A notoriously ravenous predator of coral polyps, the crown of thorns starfish feeds primarily on scleratinian, or reef-building, corals, particularly fast-growing Acropora species. During severe outbreaks when competition for food is scarce, it will eat almost any coral species present on the reef (2) (5) (6) (7). Young crown of thorns starfish typically feed on encrusting algae, which are common among rocks and rubble on the reef (2).
The crown of thorns starfish is generally thought to be a nocturnal species, although some larger individuals do feed during the day (2) (8). It feeds by a method known as ‘eversion’, where the gastric folds of the stomach membrane are forced through its mouth and turned inside out, smothering the coral. It then secretes digestive enzymes onto the coral, absorbing the digested tissues of its prey externally (4) (5) (8) (10). Although the crown of thorns starfish will generally feed alone, during outbreaks many individuals will aggregate in large groups (7) (10).
Breeding typically occurs between December and April. The crown of thorns starfish reproduces sexually, releasing eggs or sperm into the water through pores on top of the central disk. Often, groups of the crown of thorns starfish on the same reef may spawn at the same time. A single female can produce up to 60 million eggs in a breeding season. The crown of thorns starfish has one of the highest rates of fertilisation recorded in any invertebrate, meaning that even small populations have the potential to produce a large number of offspring (2) (3) (7).
The crown of thorns starfish larvae typically spend between two and four weeks drifting in ocean currents (2) (5) (12). The larvae have small hairs, called cilia, which propel them through the water and produce feeding currents that trap the plankton on which they feed (7) (11). The larvae then settle on shallow reefs, eventually becoming five-armed juvenile starfish which feed on coralline algae. After between four and six months the juveniles switch their diet and begin to feed on corals (5) (7) (12). The crown of thorns starfish becomes sexually mature after two years (7).
Some species of carnivorous fish, such as the humphead wrasse (Cheilinus undulatus) and the starry puffer fish (Arothron stellatus), are known to prey on adult crown of thorns starfish, although in general it has very few predators once it has reached maturity (3) (13). Juvenile crown of thorns starfish are much more vulnerable to predation as they lack the characteristic spines of the adult, being preyed upon by crabs, shrimps, annelid worms and fish (3).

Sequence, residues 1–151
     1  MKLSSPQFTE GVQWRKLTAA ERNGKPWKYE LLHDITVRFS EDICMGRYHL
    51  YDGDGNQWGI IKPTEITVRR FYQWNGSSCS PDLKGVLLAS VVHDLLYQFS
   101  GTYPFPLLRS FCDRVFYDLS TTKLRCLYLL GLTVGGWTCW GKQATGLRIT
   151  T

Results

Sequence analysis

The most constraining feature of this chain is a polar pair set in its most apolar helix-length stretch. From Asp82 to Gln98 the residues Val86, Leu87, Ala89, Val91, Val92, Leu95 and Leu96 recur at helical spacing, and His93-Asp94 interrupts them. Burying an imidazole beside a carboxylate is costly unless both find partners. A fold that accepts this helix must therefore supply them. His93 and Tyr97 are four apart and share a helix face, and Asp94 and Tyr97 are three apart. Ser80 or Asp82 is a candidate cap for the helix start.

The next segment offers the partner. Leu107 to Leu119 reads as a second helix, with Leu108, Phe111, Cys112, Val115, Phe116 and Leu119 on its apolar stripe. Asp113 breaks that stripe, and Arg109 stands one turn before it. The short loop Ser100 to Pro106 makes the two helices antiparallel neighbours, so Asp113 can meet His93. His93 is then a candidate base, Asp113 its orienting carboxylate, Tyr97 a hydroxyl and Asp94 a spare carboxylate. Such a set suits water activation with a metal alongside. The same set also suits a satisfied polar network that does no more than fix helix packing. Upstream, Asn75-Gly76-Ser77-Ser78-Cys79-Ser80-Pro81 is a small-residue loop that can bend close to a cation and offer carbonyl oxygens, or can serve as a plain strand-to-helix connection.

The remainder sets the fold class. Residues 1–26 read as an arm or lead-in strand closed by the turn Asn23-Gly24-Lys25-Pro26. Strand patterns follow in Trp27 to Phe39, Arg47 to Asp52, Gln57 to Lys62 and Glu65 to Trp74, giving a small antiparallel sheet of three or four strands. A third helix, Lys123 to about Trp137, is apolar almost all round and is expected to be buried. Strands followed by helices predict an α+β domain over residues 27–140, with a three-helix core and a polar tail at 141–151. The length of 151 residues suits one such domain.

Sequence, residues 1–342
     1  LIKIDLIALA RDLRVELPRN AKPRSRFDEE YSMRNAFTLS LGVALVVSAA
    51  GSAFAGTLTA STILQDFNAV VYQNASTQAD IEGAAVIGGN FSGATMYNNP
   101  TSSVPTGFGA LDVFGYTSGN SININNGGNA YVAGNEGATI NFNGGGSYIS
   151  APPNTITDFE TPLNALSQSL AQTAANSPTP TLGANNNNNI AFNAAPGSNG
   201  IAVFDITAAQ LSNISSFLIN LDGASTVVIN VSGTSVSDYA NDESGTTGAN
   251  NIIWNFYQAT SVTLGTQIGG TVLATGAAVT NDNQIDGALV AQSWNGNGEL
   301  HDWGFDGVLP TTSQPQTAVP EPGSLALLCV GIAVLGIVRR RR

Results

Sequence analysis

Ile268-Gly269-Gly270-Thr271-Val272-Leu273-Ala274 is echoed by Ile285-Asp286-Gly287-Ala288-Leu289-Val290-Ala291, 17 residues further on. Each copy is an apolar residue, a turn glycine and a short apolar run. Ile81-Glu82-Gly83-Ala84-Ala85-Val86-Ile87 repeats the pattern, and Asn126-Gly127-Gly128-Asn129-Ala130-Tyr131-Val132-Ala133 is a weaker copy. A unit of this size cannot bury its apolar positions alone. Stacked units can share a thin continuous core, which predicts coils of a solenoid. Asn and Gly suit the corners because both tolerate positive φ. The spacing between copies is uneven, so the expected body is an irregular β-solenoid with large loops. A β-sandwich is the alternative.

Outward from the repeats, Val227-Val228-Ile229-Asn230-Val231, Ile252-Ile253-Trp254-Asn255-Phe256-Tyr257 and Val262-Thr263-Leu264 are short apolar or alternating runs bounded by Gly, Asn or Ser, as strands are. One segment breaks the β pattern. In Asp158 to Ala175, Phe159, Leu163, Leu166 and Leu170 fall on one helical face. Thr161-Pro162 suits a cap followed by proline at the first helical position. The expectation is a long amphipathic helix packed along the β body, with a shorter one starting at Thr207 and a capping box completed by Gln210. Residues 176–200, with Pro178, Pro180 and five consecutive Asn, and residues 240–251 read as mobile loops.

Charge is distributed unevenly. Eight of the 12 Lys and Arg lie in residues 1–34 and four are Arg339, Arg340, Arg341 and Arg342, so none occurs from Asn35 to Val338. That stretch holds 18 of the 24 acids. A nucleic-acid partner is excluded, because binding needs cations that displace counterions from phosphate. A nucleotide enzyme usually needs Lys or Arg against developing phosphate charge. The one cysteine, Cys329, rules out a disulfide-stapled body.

Several species of cardinalfish and damselfish are known to shelter within the venomous spines of the crown of thorns starfish (14).
At low densities, the crown of thorns starfish is a ‘normal’ part of coral reef ecosystems in the Indo-Pacific region. However, when the numbers of crown of thorns starfish dramatically increase it results in a major disturbance to the whole system, as the starfish consume coral faster than it can grow thereby drastically reducing coral cover (3). The large expanses of dead coral are subsequently colonised by algae, with a knock-on effect on other reef organisms that rely on coral colonies for food, shelter and nesting (3) (5).
The reasons behind outbreaks of the crown of thorns starfish are poorly understood, despite considerable research being carried out (3) (6). Although evidence suggests that outbreaks have occurred relatively regularly for thousands of years, the frequency and severity of these outbreaks appears to be increasing in recent decades (5).
Human activities are thought to be likely to be exacerbating natural cycles in the crown of thorns starfish populations. Overfishing, which is a major problem on many unprotected reefs, may have removed predators of the crown of thorns starfish, such as the humphead wrasse. Similarly, another natural predator of the crown of thorns starfish, the triton snail (Charonia tritonis), is threatened in many areas by collection for its highly prized shell. Agricultural runoff may also contribute to the increasingly frequent and persistent crown of thorns starfish outbreaks, as nutrients washed into the oceans can cause phytoplankton ‘blooms’, providing a more abundant food resource for the starfish larvae (3) (5) (6) (15).